Mount drive

Discussion in 'Getting Started' started by William Shakespare, Aug 9, 2012.

  1. William Shakespare

    William Shakespare New Member

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    I have a virtual machine running on Kubuntu (Oneiric Ocelot) that I access via a Windows based pc using remote desktop connection. I need to read and write on network drives that are on a Windows server for which I have permissions. I tried to set this up via Dolphin but it did not work, I'm thinkng because I didn't see a way to issue credentials (it only prompts for name, server and folder when you try to add a network drive). It's not clear to me how to specify the path to my folders on the network. If I look at Windows explorer I see:

    Computer>BB001(E:)>Docs>Reports

    However, my IS folks said the path is:

    \ARX\ARX1\Res\BB001

    I have an ip address for the windows server as well which I also tried.

    How does one determine the proper name, sever, and folder to add a network drive in Dolphin? Would it be better just to do this at the Konsole? How?

    I want to mount Computer>BB001(E:)>Docs>Reports on my VM. Looks like from what I've read I have to create a mount point first.

    sudo mkdir -p /mnt/sharename

    That's telling the VM to create a temporary subdirectory under mnt called sharename, right?

    Then I have to mount the drive.


    sudo mount [IP AND/OR FOLDER ON THE WINDOWS SERVER] /mnt/sharename -o \
    username=username,password=password,dmask=777,fmask=777

    Is this strcuture correct? How do I determine what to specify what's in brackets?

    Anyway, I looked around nin the forums here and other places on the web but didn't come up with an answer.
  2. ehansen

    ehansen New Member Staff Writer

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    Long story short, you need to install Samba on your Linux machine before you can mount Windows shares. I haven't done a Windows->Linux share in a while (mostly do Linux->Windows) so I'm not sure what the command is exactly.

    No, if you did "mkdir -p /tmp/sharename" then it would be a temporary subdirectory. Making a directory in /mnt is a permanent folder unless you delete it.
  3. William Shakespare

    William Shakespare New Member

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  4. William Shakespare

    William Shakespare New Member

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  5. William Shakespare

    William Shakespare New Member

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  6. William Shakespare

    William Shakespare New Member

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  7. William Shakespare

    William Shakespare New Member

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    a link relevant to a question.
  8. William Shakespare

    William Shakespare New Member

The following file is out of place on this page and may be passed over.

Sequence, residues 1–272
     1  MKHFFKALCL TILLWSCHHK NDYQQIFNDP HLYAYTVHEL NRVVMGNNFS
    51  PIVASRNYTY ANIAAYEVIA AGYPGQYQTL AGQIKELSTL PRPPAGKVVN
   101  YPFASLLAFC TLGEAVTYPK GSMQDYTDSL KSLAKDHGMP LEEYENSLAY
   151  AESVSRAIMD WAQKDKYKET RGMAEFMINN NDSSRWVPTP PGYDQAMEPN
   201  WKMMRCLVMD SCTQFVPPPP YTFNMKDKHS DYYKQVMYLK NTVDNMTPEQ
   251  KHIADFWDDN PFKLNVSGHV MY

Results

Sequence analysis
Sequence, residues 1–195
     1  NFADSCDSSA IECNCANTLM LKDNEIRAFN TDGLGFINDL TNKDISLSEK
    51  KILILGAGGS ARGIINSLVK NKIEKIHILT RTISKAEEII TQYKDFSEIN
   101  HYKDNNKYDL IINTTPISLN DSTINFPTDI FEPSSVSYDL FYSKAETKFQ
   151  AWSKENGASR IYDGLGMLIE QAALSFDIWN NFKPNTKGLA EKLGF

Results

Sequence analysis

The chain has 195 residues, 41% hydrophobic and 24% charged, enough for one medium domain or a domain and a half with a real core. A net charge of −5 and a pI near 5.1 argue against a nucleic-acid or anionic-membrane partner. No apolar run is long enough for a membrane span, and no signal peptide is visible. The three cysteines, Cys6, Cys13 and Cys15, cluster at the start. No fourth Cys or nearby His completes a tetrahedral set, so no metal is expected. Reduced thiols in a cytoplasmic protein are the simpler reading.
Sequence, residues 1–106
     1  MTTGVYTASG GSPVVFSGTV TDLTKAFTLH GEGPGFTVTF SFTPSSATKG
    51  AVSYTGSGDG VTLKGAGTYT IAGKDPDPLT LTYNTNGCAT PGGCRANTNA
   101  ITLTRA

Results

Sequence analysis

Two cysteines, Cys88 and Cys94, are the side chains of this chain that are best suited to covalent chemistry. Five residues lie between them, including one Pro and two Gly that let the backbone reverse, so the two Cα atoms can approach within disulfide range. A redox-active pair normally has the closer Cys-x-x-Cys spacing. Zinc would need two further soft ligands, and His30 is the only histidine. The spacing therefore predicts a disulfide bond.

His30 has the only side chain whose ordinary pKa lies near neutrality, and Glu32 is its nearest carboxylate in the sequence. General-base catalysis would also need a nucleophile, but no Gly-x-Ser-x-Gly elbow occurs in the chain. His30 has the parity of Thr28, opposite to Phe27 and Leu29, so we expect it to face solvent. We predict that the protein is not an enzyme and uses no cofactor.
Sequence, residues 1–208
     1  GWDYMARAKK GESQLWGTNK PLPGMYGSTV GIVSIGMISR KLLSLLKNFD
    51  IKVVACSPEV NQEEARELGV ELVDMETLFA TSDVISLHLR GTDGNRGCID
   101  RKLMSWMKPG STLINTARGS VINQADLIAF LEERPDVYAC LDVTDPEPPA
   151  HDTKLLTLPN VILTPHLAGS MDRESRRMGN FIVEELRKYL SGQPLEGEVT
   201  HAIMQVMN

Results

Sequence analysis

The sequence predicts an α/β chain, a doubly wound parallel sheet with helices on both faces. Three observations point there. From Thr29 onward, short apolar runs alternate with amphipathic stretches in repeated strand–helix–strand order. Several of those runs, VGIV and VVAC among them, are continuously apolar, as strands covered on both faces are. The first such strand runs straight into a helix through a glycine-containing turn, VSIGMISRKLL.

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  9. William Shakespare

    William Shakespare New Member

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    If I type smbtree I can see my shares but how do I know which one contains the folder I want to access?
  10. Kerms

    Kerms New Member

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    Being massively undereducated in Windows/Windows sysadmin'ing I only can guide you in what it means
    So,

    Code:
    mount -t smbfs -o username=<username>,password=<password> //<win-box>/<share> /mnt/<name-of-mountpoint>
    `<win-box>' means the IP/domain the Windows box is bound to.
    For `<share>', my best guess is the sharename of the folder/file/etc that was put up as a shared thing. If that doesn't work, do the full path in the form of `/a/b/c/d' (I guess cut off the C: at the beginning).
    (The ip can be found out via `ipconfig' on the windows box.)

    To make things a bit easier for yourself you can attach a domain to an IP by appending /etc/hosts on the linux box/vm with
    `<IP> <WantedHostName>'.

    Lastly (but almost unimportant), `/mnt' is usually the temporary mount directory and only used once in a blue moon. If you're going to want the windows shared mounted for most of the uptime of the linux box, create a dedicated directory in `/' and edit `/etc/fstab' to automount it during boot.

    (Append fstab with: )

    Code:
    //servername/sharename /mountdirectory smbfs username=windowsuserename,password=windowspassword 0 0
    Edit: Since /etc/fstab can be read by anyone, in your home directory,

    echo username=mywindowsusername > .smbpasswd
    echo password=mywindowspassword >> .smbpasswd
    chmod 600 .smbpasswd

    Then add this to fstab:
    smbmount //servername/sharename /mountdirectory -o credentials=/home/myhomedirectory/.smbpasswd 0 0

    Sources:
    http://www.justlinux.com/nhf/Filesystems/Mounting_smbfs_Shares_Permanently.html

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